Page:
Stocks Sink As Oil Drops To More Than 21-year Low

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The May contract for U.S. West Texas intermediate crude oil which expires on Tuesday, dropped 39.74% to $11.07 per barrel as of 9:34 a.m. ET Monday. The June contract for the commodity dropped 12.23% to $21.97 per barrel.

“It should be noted however that near-term WTI prices are trading at massive discounts to later-dated contracts – primarily due to concerns about the storage hub in Cushing [Oklahoma] filling to capacity,” Deutsche Bank analysts wrote in a note Monday.

Prices for Brent crude oil, the international standard, also fell Monday morning, albeit by a less extreme margin than prices for U.S. oil. Brent was down 6.55% to $26.24 per barrel.

“With a huge surplus in crude products filling inventories on land, there is a clear benefit to those producers whom are able to put their oil out to sea,” Joshua Mahony, senior market analyst at IG, wrote in an email. “Unfortunately, the lack of demand and landlocked nature of production in the U.S. and Canada has already started to provide negative prices across a number of crude products in North America.”

The declines extend a months-long drop for the commodity prices, which have been anchored both by fears of a supply glut and demand destruction due to the coronavirus pandemic.

Over the weekend, coronavirus cases topped 2.3 million globally, and the death toll rose above 164,000, according to Johns Hopkins data. U.S. confirmed cases totaled more than 755,000.

In New York state, the U.S. epicenter for the outbreak, Governor Andrew Cuomo said during a Sunday briefing that data showed the region was “past the high point” of the pandemic. The death toll rose by 507 as of Saturday, or well below the levels of over 700 daily new deaths reported about a week ago. New hospitalizations fell from the previous day to 16,213, from 16,967.

Last week, the Trump administration outlined a three-phase plan for states to each gradually bring businesses and other daily operations halted during the pandemic back online. Still, individual state officials have been hesitant about announcing a near-term easing of social distancing standards in absence of widespread testing or viable treatment or vaccine. Northeast states led by New York last week extended social distancing measures to at least May 15.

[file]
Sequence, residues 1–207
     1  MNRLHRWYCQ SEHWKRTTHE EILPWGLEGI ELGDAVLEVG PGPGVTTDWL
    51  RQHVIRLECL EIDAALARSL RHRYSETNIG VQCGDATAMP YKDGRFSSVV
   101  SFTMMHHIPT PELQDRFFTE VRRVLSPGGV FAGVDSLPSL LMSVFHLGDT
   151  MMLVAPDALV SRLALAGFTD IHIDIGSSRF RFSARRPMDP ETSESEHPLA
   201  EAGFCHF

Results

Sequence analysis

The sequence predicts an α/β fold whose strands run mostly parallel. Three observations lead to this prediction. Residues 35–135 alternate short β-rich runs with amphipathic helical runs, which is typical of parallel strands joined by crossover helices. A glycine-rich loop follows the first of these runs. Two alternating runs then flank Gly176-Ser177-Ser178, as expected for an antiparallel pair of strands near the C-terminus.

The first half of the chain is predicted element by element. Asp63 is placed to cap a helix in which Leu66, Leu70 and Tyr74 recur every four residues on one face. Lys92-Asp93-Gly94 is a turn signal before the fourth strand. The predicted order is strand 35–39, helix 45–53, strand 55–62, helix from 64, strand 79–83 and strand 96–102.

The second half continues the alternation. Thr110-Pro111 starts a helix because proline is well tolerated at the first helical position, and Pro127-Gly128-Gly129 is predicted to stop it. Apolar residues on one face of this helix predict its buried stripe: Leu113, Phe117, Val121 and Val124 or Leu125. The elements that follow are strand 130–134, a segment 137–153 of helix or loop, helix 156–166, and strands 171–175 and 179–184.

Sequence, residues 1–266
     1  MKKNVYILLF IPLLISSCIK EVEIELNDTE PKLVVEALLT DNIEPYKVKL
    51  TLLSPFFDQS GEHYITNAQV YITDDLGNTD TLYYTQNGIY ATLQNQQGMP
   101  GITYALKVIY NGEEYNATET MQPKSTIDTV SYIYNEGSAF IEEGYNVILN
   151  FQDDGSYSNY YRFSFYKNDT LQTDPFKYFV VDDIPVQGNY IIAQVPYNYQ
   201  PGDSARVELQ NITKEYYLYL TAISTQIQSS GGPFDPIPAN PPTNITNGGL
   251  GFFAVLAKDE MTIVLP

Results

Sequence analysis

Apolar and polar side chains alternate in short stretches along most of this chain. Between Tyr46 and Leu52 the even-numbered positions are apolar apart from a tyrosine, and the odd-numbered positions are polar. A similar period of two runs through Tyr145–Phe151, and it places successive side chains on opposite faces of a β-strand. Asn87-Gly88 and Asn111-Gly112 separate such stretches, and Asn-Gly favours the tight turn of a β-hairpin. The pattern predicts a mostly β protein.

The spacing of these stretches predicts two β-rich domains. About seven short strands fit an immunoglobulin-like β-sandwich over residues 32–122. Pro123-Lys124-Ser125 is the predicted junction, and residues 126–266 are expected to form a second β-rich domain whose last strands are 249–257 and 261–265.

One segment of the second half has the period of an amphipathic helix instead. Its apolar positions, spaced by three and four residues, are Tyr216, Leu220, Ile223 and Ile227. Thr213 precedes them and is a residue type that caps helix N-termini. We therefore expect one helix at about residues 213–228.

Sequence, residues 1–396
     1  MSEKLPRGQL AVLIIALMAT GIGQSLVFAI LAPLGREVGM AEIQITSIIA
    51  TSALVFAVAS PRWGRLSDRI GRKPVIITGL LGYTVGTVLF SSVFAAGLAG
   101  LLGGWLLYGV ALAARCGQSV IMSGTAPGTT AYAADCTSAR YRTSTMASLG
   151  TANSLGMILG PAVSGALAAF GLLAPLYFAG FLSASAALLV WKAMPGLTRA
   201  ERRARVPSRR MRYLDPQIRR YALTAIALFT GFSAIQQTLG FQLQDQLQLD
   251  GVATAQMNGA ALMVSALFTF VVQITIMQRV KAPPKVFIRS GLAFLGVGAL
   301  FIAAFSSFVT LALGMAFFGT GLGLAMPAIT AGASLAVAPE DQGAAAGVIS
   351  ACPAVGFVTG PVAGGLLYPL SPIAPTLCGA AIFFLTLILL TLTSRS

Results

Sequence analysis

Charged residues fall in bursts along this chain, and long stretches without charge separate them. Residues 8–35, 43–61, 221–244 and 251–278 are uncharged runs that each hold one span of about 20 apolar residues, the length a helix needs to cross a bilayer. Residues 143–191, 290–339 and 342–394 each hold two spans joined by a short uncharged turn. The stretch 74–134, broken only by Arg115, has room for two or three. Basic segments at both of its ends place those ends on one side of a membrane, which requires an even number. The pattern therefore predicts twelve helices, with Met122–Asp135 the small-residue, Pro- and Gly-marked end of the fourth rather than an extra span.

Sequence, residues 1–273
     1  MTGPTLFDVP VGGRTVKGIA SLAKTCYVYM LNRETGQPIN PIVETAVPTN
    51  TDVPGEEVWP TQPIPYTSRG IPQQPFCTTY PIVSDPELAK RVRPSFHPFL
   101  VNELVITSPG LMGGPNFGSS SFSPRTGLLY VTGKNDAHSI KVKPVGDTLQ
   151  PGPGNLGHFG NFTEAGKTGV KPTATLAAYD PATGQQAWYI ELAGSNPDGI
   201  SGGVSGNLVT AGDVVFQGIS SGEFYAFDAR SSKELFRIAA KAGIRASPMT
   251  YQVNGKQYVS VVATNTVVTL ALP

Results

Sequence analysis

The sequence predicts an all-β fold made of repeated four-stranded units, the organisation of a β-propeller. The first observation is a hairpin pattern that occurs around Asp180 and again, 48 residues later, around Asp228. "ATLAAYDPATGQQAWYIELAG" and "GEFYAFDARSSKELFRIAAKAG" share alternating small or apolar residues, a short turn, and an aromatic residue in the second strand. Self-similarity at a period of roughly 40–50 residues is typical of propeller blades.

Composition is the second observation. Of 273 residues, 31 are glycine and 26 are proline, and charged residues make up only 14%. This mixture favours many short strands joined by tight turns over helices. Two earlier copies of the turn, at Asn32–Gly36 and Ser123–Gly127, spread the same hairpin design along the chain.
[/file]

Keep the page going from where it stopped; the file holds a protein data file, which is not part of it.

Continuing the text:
Distancing measures have helped keep new coronavirus cases in check but also contributed to broad economic stress in the U.S., triggering a staggering 22 million individuals to file for unemployment insurance over the past four weeks alone. Even when distancing begins to let up, many economists warn recovering these losses will take time.

“A double-digit rebound in GDP growth in the third quarter still seems like a decent bet, but it won’t recover all the lost ground,” Ian Shepherdson, chief economist for Pantheon Macroeconomics, wrote in a note Sunday. Shepherdson’s anticipation is for a 30% annualized drop in GDP in the second quarter, a margin about in-line with many other economists’ grim outlooks for the quarter.

“That can’t happen if, for example, restaurants have half the seating density than in the pre-virus era, cinemas can sell only one third of their seats, and airlines have to leave the middle seat empty,” he added. “No matter how much fiscal stimulus Congress pumps in—and more is coming—earnings across wide swathes of the economy will be crushed for an extended period.”

U.S. policymakers have been working on providing further relief to the small businesses hit hardest by the coronavirus. During an interview with CNN Sunday, Treasury Secretary Steven Mnuchin said congressional lawmakers were “very close to a deal” that would inject another $300 billion to the Paycheck Protection Program (PPP), which provides funds to help small-sized employers keep workers on the payroll as social distancing measures remain in place. House Speaker Nancy Pelosi echoed lawmakers’ nearness to reaching a deal for the additional funds in a separate interview Sunday.

The PPP first passed in Congress’s $2.2 trillion stimulus package late last month ran out of funds in less than two weeks.

— Yahoo Finance

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